Pre-surgery chemotherapy is possible for early stage pancreatic cancer patients
A first-of-its-kind randomized clinical trial found that patients with pancreatic cancer didn’t live any longer than expected after receiving pre-operative chemotherapy from either of the two standard regimens, according to trial results published in JAMA Oncology.
While the trial findings did not show a direct patient benefit, they do show that it’s possible to safely administer chemotherapy prior to pancreatic cancer surgery. They also pave the way for better treatment testing for this notorious killer. With no symptoms in the early stages, and few effective therapies, pancreatic cancer is the fourth-most deadly cancer type in the United States. According to the American Cancer Society, only 20 percent of pancreatic cancer patients are alive one year after diagnosis. After five years, only about 7 percent are alive.
Can these survival rates improve? Is one answer to give chemotherapy drugs to patients before their surgery? SWOG Cancer Research Network member Davendra Sohal, MD, MPH, and SWOG Surgery Committee Chair Syed Ahmad, MD, launched the trial, known as S1505, to find out. S1505 is the first trial to compare two common chemotherapy regimens for pancreatic cancer, and the first in the National Cancer Institute’s National Clinical Trials Network to test chemotherapy prior to pancreatic cancer surgery.
When diagnosed, roughly 20 percent of pancreatic cancers are stage I or II, meaning they haven’t spread to other parts of a patient’s body and can be surgically removed. For patients with these early stage cancers, Dr. Sohal, an associate professor at the University of Cincinnati and a medical oncologist with UC Health, and Dr. Ahmad, co-director of the University of Cincinnati Cancer Center, a professor and director of the Division of Surgical Oncology, and a UC Health surgeon, wanted to put to the test two chemotherapy regimens to see if one or both of the drug combinations would help patients live longer.
One regimen they tested is modified FOLFIRINOX, or mFOLFIRINOX, a combination of three chemotherapy drugs—fluorouracil, irinotecan, and oxaliplatin. The other regimen is a combination of gemcitabine and nab-paclitaxel. Results of a practice-changing international trial, PRODIGE-24, were published in December 2018 in the New England Journal of Medicine showing that pancreatic cancer patients saw a substantial benefit from six months of FOLFIRINOX treatment post-surgery, compared with post-surgery patients treated for six months with gemcitabine. An editorial written about the results, titled “A Glimmer of Hope for Pancreatic Cancer” asked: “Is surgery followed by six months of adjuvant chemotherapy the appropriate sequence in patients with a disease that may be systemic at diagnosis? Can we further improve outcomes by delivering modified FOLFIRINOX before surgery?” This is the question the investigators wanted to answer.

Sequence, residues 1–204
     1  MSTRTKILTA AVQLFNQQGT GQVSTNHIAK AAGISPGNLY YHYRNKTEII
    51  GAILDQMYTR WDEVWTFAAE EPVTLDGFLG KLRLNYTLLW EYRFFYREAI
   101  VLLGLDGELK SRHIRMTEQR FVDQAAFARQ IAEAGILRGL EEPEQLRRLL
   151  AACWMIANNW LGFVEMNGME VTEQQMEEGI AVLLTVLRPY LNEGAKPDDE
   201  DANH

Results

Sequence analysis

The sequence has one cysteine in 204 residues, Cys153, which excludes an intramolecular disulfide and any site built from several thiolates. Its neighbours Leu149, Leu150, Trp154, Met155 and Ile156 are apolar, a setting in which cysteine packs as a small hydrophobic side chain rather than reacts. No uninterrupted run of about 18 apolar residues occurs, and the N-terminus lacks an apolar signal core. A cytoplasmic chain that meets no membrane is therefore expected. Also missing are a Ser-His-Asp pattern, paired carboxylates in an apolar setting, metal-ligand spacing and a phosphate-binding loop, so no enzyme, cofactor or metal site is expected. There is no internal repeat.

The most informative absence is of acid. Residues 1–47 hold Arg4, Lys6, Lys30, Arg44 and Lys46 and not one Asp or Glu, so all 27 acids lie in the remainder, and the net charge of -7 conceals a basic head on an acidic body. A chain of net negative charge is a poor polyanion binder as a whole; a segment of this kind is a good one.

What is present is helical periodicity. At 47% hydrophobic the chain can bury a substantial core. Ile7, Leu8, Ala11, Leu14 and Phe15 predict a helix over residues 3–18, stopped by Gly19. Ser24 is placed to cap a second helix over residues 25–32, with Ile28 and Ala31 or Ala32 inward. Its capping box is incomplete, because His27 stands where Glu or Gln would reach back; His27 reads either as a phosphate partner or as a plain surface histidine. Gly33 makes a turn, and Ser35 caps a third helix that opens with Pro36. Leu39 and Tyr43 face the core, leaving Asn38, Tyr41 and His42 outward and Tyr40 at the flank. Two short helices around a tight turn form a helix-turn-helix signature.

In S1505, they enrolled 102 eligible early stage pancreatic cancer patients. Each was randomly assigned to receive either the mFOLFIRINOX or the gemcitabine combination, both before and after surgery. Because some patients were too sick from pre-surgical chemotherapy or for other reasons, only 73 of the 102 eligible patients underwent surgery. Of those, 61 started and 48 completed chemotherapy.
The key findings:
Giving patients chemotherapy before surgery did not result in better survival rates, when compared with data from other pancreatic cancer trials testing upfront surgery
Both drug combinations performed about the same. Two-year overall survival for patients on the mFOLFIRINOX combination was 47 percent, while two-year overall survival for patients on the gemcitabine combination was 48 percent.
Pancreatic cancer patients can undergo chemotherapy and go on to have a successful surgery without significant post-operative complications. Surgical outcomes of S1505 were detailed in July 2020 in Annals of Surgery.
It is possible to conduct trials that can safely compare chemotherapy treatments given prior to pancreatic cancer surgery.
“This is the first time the two frontline chemotherapy regimens for pancreatic cancer have beentested in one study,” Sohal said. “And while we didn’t find a patient benefit from giving either of them prior to surgery, we did show that such a comparison can be done safely. Most of the patients who got the chemotherapy could go on to successfully have their surgery. So, in the end, we’ve created a clinical trial platform that can be used to test other pre-surgical chemotherapy treatments for pancreatic cancer.”
In addition, by pre-treating a tumor prior to surgery, the S1505 team opened the door for pre- and post-surgical comparisons of tumor tissue in pancreatic cancer. Molecular testing of tumor tissue could reveal genetic and other cellular changes that might shed important light on the effects of chemotherapy drugs on early stage pancreatic cancer.